North Wales TV

Sunrise Sunset

UNDER PRESSURE: 265 homeless families heartbreaking, says leader

UNDER PRESSURE: 265 homeless families heartbreaking, says leader

Conwy's council met this morning at a virtual meeting, Image: LDRS

A large number of homeless families are putting a strain on Conwy County Council, says the leader.

Speaking at full council this morning, Cllr Charlie McCoubrey made his announcement at the virtual meeting and said housing was under severe pressure.

Cllr McCoubrey revealed there were currently 265 families or households living in temporary accommodation in the county and said the problem had been helped with Welsh Government funding.

But the leader also said homelessness was not going away and the council needed more funds to tackle the issue in the new financial year.

“Housing, there are severe pressures there,” he said.

“We’ve around 265 households in temporary accommodation. It is really important for me that we remember these are real people. We use the phrase ‘homeless’, and I think it conjures up an image of street homelessness. That’s not something we’ve ever had a massive problem with in Conwy. Fortunately it has been quite low numbers.

“These are everyday, normal people like you and I who for whatever reason lost their accommodation. It’s quite heartbreaking when you get emails from people who have lived in the town for 20 years, both working and who can’t get accommodation – emails saying never in my wildest dreams did I think I’d be asking the council for help.”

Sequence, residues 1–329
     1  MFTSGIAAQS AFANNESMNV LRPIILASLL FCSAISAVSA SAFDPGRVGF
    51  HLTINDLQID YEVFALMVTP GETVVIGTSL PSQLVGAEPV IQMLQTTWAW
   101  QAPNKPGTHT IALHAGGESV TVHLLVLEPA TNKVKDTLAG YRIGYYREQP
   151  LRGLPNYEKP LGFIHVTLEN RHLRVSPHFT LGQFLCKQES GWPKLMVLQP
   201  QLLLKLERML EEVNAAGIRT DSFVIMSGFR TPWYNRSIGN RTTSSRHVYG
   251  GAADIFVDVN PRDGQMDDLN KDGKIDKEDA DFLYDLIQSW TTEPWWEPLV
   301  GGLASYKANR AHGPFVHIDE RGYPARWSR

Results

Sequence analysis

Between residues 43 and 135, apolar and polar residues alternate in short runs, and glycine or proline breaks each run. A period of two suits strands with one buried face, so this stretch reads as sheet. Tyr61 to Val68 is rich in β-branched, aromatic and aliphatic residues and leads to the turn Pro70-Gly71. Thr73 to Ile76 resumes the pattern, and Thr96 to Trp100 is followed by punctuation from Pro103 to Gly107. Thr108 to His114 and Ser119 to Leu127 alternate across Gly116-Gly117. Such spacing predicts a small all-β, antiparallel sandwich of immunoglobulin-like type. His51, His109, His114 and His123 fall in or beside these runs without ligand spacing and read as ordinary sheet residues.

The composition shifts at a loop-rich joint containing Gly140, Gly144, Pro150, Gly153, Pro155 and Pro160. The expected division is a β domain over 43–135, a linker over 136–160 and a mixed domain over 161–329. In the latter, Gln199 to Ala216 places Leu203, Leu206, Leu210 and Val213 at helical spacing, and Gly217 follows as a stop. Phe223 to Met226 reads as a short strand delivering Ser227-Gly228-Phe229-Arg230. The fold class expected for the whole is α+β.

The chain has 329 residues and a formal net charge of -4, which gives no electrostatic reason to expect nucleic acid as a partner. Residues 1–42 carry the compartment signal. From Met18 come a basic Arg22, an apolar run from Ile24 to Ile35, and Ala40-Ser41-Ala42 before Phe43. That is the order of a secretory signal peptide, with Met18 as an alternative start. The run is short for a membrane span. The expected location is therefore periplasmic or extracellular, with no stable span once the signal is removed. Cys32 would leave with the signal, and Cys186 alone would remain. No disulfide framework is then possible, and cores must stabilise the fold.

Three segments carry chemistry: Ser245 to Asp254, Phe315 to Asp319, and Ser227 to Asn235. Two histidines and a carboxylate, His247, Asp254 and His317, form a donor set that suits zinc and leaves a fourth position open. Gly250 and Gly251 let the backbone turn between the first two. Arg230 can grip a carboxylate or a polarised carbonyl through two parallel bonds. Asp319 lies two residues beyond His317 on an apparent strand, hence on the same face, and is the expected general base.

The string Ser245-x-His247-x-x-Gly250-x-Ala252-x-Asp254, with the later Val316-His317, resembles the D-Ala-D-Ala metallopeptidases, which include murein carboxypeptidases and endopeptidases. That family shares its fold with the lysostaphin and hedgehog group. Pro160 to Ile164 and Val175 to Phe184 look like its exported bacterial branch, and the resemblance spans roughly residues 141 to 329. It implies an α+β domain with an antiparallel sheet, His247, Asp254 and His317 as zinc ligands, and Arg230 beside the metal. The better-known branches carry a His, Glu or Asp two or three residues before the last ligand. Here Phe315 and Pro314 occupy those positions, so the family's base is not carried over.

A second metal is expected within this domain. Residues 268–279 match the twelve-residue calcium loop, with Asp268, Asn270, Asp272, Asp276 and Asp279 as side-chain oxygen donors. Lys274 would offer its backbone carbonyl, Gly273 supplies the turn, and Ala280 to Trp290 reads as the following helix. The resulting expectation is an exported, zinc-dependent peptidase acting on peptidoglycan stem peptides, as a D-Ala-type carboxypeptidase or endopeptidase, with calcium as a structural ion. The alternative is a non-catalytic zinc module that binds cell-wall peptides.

He added: “That is challenging, and again it comes with a cost. We were fortunate enough to receive a hardship fund in the last year of about £1.5m to meet that cost. That fund runs out at the start of the next financial year. We estimate the cost will be around £2m because again that problem will not go away overnight.

“So we will continue to ask Welsh Government to extend that fund or to replace it with something else so we can continue to offer support to these unfortunate individuals.”

Cllr McCoubrey also said COVID levels had dropped steadily, down to 365 per 100,000 people, which is lower than the Welsh average of 651. But he said long-term damage from the pandemic was putting pressure on social services.

“But it is clear that, regardless of where the levels are at, the long-term damage from this pandemic will carry on for a long time,” he said.

“Our social services are under severe pressure. That’s mainly around employment. Getting staff from both the public and private sector is very challenging. We’ve seen other industries struggling. They (private sector) have the ability to put their wages up, put prices up. That is something we struggle to do.”


Words: Richard Evans, Local Democracy Reporter

Watch Live

Watch the channel on TV






Virgin Media